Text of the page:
Like so many cultural institutions, children’s museums were devastated by the pandemic. To help members navigate COVID-19 challenges, the Association of Children’s Museums has been collecting data and sharing trends reports to help them guide decisions at their own institutions.
The spring and summer months—when children are on school breaks and parents are looking for activities—are when children’s museums earn most of their revenue. With the pandemic closures starting in March, museums had severe economic losses, said Laura Huerta Migus, executive director of the Association of Children’s Museums (ACM).
“We are seeing a total workforce retraction of about 75 percent,” Migus said. “In our industry, 60 percent of our museum annual revenue is earned revenue—admission, camp fees, membership. Only 40 percent is unearned through donations, grants, or sponsorship.”
To help members face some of these challenges, ACM has been issuing ACM Trends Reports that detail how children’s museums are coping. While the periodic reports have been around since 2017, their information has been incredibly useful to members since the pandemic began.
“Once we got to the six-week mark, our industry started to understand this was likely going to be a longer-term situation—needing to stay closed,” Migus said. “It has shaped the strategies that children’s museums have developed to engage their audiences.”
According to the reports, museums have been relying on engaging member families and patrons using online resources. “With a membership, a family pays a subscription fee that gives them access to a lot of resources, and with doors closed, that went away,” Migus said. “Museums wanted to be able to provide those services. A lot of museums are taking to their Facebook pages, and doing Facebook live storytelling.”
For older kids, museums moved camps and educational programming online. In addition to engaging patrons, museums also sought to fulfill their role as community helpers, with many strengthening local partnerships. One children’s museum took unused educational programming supplies and made learning activity kits, which were distributed to kids who might not have internet access at a local food bank partner. Another museum used its closed building to store donated supplies that a local shelter didn’t have enough room to keep.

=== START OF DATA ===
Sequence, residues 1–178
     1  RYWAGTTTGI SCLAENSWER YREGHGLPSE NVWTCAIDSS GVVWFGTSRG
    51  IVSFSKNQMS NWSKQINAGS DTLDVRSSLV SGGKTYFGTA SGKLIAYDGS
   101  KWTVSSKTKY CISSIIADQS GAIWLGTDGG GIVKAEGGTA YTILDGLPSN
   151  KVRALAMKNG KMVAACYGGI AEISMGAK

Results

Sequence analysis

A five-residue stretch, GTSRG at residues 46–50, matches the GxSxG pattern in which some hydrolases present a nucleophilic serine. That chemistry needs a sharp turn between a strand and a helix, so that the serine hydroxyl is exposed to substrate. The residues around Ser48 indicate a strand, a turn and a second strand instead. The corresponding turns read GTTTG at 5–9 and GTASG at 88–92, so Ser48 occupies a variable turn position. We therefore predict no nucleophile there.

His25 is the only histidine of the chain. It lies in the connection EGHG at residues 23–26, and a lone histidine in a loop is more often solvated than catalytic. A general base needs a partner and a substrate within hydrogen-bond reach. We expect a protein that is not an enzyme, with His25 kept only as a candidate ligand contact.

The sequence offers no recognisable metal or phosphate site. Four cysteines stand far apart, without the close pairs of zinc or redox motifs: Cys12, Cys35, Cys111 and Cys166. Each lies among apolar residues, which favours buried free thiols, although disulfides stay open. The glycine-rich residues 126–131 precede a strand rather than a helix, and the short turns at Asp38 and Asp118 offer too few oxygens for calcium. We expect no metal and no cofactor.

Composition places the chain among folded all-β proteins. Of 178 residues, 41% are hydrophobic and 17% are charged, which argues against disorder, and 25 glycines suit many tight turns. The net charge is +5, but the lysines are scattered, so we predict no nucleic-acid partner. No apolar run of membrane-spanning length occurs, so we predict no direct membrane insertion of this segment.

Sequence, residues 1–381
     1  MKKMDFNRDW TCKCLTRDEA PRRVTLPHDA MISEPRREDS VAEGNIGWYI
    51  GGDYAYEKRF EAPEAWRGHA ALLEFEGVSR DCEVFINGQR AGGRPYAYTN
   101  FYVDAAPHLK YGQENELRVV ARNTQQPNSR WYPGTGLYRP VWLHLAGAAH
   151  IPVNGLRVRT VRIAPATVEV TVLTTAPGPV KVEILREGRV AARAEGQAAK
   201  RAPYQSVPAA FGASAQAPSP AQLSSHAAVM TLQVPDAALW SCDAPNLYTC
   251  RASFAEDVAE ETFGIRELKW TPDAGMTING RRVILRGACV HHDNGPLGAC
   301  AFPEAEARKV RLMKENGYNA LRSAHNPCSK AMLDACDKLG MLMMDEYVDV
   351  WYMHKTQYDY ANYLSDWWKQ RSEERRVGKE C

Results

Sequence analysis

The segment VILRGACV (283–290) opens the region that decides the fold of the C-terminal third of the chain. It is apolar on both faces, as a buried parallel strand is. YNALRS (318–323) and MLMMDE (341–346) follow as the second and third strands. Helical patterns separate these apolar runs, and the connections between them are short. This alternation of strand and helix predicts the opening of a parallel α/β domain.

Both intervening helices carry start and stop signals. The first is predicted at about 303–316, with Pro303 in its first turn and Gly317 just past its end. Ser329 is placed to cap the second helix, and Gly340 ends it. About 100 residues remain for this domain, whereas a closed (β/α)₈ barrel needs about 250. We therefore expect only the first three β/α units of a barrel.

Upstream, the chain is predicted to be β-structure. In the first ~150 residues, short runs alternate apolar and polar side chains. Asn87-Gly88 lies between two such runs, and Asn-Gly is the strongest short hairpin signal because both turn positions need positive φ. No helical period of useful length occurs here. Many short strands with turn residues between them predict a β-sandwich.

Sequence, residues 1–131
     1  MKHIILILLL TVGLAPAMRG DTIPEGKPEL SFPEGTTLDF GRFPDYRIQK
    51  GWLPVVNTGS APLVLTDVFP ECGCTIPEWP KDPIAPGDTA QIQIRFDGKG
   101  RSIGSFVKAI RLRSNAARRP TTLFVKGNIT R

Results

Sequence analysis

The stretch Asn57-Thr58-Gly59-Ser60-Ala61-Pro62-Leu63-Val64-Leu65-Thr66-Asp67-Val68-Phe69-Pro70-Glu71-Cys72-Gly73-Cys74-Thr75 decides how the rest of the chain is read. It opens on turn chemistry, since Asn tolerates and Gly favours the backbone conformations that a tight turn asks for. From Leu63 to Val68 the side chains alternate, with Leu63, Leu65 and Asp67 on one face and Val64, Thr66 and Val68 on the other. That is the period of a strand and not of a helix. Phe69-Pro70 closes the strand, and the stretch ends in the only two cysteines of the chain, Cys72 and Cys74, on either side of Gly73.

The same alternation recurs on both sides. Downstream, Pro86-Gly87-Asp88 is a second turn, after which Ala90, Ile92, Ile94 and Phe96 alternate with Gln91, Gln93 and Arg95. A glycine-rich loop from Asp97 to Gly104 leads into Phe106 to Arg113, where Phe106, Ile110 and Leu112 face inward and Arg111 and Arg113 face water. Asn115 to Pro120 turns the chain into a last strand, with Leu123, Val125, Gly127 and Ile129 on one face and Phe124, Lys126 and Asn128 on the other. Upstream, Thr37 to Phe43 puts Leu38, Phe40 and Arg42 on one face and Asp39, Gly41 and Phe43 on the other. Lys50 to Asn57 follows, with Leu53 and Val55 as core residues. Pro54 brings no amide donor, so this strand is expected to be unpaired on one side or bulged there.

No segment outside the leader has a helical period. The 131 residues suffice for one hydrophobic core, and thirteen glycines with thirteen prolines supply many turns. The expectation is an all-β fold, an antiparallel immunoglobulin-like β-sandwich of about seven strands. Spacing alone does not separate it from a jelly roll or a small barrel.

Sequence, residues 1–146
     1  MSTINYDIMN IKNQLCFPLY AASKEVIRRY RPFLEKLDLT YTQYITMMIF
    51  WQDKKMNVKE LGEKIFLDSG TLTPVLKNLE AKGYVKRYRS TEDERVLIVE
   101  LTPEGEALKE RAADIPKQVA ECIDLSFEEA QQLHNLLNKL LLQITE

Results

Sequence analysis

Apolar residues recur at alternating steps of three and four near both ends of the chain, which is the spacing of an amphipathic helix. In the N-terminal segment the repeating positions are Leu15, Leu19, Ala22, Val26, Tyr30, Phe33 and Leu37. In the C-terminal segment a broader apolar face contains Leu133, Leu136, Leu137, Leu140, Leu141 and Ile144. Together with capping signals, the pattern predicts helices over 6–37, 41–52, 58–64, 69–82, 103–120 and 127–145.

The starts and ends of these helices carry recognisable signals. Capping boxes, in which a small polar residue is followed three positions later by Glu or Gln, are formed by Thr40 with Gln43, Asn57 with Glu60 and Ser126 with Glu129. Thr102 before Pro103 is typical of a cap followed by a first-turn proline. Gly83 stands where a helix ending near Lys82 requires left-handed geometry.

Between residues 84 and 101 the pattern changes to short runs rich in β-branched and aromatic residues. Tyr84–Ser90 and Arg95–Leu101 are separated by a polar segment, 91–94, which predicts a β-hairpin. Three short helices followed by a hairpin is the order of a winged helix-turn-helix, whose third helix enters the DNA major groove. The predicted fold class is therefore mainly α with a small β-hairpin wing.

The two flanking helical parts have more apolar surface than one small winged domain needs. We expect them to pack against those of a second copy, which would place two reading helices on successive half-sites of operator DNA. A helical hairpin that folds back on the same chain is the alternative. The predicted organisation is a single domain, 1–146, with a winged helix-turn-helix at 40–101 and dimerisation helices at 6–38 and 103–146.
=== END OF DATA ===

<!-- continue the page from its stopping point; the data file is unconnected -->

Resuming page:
“There are these two strands developing, the first around using online to keep customers engaged,” Migus said. “At the same time, there is this other strand of fulfilling the social service mission to serve all children and families, regardless of their ability to pay.”
Sharing the trends also allows members to see what is working. For example, museums are selling new memberships, despite many remaining closed. “It is one of their best ways to bring in any kind of cash revenue, especially those who still have their doors closed,” Migus said. “They are seeing some great success because people in their communities really understand the need.”
Whatever decisions museums make locally, the trends reports have been helpful in getting buy-in from their boards. “Very often, a children’s museum is the only children’s museum in the community,” Migus said. “There isn’t an acceptable benchmark for volunteer board members to understand what is the norm. They may say, ‘The botanical gardens didn’t close, and art museums have been able to open.’ Our data is really important to be able to use for their board members to understand the context of the museum with the rest of the field.”